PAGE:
@GeorgeWashington, or what would the Founders tweet?

By Camille Crittenden, Executive Director of Data and Democracy, CITRIS @ Berkeley
(reposted from The Berkeley Blog)

In an era when it took days for messages to travel between cities or weeks to cross the Atlantic, America’s founders would have been astonished at the rate and volume of information zinging around the world today. The Internet and social media offer unprecedented resources for learning about current events, expressing our opinions, and persuading others to take action. To a degree beyond the founders’ imaginations, the voting public has access to information about its government representatives and the means to hold them accountable.

With the advent of open government databases and apps for exploring relationships between money and politics, the online public can investigate forces shaping decisions that affect our lives as individuals and a society. The White House has just launched an Open Government Platform that aims to “promote government transparency and citizen engagement on a global scale.” Organizations such as MapLight and the Sunlight Foundation show connections between campaign contributions and voting records, track lobbyist registration, and otherwise uncover influence among elected officials, organizations or corporations, and powerful individuals.

A recent study shows that social media users are more likely to be engaged in politics and their communities than average Americans. And, at least among young people, age 15-25, the Internet has emerged as a relatively egalitarian space with 94% to 98% of all racial and ethnic groups having access to a computer that connects to the Internet and 49% to 57% taking some action online daily, according to a new report. (Other studies reveal distinctions in the kinds of activities users pursue online, whether passive consumption or active creation, according to levels of income and education.)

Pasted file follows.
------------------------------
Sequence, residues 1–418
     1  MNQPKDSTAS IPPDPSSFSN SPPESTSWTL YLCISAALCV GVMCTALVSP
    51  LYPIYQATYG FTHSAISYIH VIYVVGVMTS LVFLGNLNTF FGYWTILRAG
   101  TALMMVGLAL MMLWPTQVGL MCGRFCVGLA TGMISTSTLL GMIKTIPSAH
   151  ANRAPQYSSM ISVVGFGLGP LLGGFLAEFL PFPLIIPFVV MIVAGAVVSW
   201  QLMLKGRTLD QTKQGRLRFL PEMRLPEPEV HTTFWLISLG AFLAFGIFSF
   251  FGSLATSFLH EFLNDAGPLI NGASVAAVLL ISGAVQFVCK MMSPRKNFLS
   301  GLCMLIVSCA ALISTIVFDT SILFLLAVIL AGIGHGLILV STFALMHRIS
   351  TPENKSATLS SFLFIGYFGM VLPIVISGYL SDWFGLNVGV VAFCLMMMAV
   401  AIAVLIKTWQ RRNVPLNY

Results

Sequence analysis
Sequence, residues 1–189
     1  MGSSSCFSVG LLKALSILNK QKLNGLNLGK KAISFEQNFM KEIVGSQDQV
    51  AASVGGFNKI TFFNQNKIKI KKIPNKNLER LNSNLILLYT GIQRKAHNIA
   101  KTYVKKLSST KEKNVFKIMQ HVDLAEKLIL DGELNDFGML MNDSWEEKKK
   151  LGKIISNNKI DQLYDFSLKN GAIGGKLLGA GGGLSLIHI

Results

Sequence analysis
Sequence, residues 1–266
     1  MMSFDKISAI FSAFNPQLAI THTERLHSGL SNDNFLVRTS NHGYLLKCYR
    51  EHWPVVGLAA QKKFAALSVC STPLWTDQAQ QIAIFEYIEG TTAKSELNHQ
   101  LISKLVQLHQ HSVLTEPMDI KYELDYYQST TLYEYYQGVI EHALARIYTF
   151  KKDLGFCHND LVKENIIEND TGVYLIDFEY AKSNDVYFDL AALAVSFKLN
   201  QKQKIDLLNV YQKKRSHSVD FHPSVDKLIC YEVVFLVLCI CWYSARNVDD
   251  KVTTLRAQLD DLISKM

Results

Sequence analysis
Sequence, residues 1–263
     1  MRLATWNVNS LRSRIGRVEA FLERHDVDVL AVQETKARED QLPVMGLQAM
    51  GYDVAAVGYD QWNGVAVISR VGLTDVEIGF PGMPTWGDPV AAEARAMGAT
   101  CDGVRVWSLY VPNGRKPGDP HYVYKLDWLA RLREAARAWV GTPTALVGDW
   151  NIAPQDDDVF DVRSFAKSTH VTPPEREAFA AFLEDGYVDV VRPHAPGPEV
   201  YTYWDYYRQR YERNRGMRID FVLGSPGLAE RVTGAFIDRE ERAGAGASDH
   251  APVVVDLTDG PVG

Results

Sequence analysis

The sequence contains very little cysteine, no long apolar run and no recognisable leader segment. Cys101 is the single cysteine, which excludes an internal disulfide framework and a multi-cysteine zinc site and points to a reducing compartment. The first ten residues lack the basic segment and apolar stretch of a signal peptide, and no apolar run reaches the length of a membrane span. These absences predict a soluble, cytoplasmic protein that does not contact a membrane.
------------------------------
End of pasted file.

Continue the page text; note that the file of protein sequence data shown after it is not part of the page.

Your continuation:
But the Internet is not necessarily a force for civil dialogue, as it can serve to polarize opinion and spread misinformation just as quickly. If our Twitter feed serves up only those voices we agree with, we may grow complacent in our convictions. Still, social networking can uncover differences in opinion as well. Recent research from the Pew Internet and American Life Project revealed that some 38% of social media users have discovered through their friends’ posts that their political views differed from what the user thought they were.

Despite sometimes well-placed cynicism about the effectiveness of “clicktivism,” examples suggest that the Internet and online social networks can be strong advocacy tools to reach those in power: petitions through Change.org or last year’s Internet shut-down in protest of anti-piracy legislation have leveraged grassroots support to influence important policy decisions.

Thomas Jefferson wrote to a friend in 1787, “Cherish, therefore, the spirit of our people, and keep alive their attention. If once they become inattentive to the public affairs, you and I, and Congress and Assemblies, judges and governors, shall all become wolves.” The November election is four months away. With mobile Internet access, the power is literally in your hands to learn about candidates and issues. Be skeptical, ask questions, talk to your friends, whether you agree with them or not. Seize the opportunity to keep the wolves at bay and take an active role in the democracy we all enjoy.

Data and Democracy Initiative page